During the Eleventh National People’s Congress in March, Chinese Premier Wen Jiabao announced that the annual GDP growth targets at 7.5% for next year, first time below8 in8 years. According to the Premier’s report, this move will make the country’s economy more sustainable and efficient.
This statement spurs a lot of speculations around the world. Some have deemed this as an ominous sign of the world’s second largest economy running out of steam. What does it reflect in terms of the rise and fall of GDP? GDP is made of the total market value of all final goods and services produced in a country in a given year, equal to total consumer, investment and government spending, plus the value of exports, minus the value of imports. In short, the annual GDP of a country stands for the total production of a country in a year. In traditional wisdom, we always think it is good for the country to produce more and more year on year. In layman’s term, you make more money when you produce more. We all know what money can buy and what money cannot buy.
As a country, why do we always want to make more money? Even when we are making more money year after year, can we accept making less more? Why isChina’s growth below 8% worrisome?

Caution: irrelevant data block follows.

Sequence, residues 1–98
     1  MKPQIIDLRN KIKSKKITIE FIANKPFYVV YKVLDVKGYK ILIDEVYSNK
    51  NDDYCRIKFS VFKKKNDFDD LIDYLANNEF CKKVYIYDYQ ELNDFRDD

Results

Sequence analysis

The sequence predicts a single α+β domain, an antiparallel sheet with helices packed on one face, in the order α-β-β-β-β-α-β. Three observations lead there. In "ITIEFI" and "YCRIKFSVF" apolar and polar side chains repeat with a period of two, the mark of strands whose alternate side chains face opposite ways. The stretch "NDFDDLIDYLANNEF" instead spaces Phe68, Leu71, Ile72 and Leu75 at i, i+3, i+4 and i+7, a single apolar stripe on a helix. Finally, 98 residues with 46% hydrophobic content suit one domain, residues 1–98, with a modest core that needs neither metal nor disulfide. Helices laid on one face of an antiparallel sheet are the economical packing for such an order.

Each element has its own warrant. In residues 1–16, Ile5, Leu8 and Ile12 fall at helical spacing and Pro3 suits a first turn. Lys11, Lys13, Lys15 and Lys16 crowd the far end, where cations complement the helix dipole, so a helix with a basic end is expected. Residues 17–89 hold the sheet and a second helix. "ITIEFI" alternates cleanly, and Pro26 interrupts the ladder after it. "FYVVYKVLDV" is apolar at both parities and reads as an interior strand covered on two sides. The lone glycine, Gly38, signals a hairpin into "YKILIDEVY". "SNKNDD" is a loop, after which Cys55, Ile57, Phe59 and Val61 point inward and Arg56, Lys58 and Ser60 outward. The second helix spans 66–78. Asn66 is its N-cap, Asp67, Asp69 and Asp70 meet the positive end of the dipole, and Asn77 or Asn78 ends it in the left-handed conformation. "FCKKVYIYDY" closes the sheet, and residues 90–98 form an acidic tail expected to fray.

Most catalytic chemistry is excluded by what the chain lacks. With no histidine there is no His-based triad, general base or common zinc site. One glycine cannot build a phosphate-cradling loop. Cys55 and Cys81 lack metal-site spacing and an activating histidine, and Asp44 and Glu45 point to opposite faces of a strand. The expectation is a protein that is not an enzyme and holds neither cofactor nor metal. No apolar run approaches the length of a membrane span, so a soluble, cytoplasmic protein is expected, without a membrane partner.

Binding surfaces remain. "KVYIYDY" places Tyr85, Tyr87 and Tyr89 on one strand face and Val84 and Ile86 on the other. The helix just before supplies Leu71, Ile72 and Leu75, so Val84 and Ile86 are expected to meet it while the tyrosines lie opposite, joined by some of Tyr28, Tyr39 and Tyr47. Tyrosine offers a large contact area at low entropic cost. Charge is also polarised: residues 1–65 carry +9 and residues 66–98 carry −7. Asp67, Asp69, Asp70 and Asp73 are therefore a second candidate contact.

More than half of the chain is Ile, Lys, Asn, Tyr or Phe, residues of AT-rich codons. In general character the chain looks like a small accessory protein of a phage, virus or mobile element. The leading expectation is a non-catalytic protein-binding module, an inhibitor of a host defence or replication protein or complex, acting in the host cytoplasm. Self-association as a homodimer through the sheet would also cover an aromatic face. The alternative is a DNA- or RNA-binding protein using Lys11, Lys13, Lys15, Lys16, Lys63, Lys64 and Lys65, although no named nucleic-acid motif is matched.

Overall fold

From a country’s perspective, with the rise of GDP, its people make more money. The rich might get richer and the income level of the poor might improve. But these two results do not necessarily go hand in hand. The rich might get richer and the poor might get poorer even when we constantly have good annual growth.
How rich is rich is a comparative term. Does a country always need to make more money? When the country is poor, we need to make more money as a whole. When the population is growing, it makes sense to have growth that exceeds the birth rates to maintain at least as wealthy. What if the population is decreasing? It happens to a lot of developed countries. You might not need growth at all in those countries in theory.
However, even if the population remains stationary, governments would say we need more growth to improve the life of the disadvantaged. Although it is well said, we need to pay special attention to what is actually done in the end. The life of the disadvantaged can still be improved if the decreased growth is channeled to those in need. Unfortunately, that is often not what happens. The rich will take away the major piece of growth and leave the poor with meager benefit.
To say how much we need to grow in total is meaningless. Instead, we should focus on where we need to grow. It is not necessarily good to have over 8% growth and not necessarily bad to have below 8% growth. The important thing is whether the growth takes place at where we need them most. Only when GDP can be treated in this fashion, the development of a country is efficient and sustainable.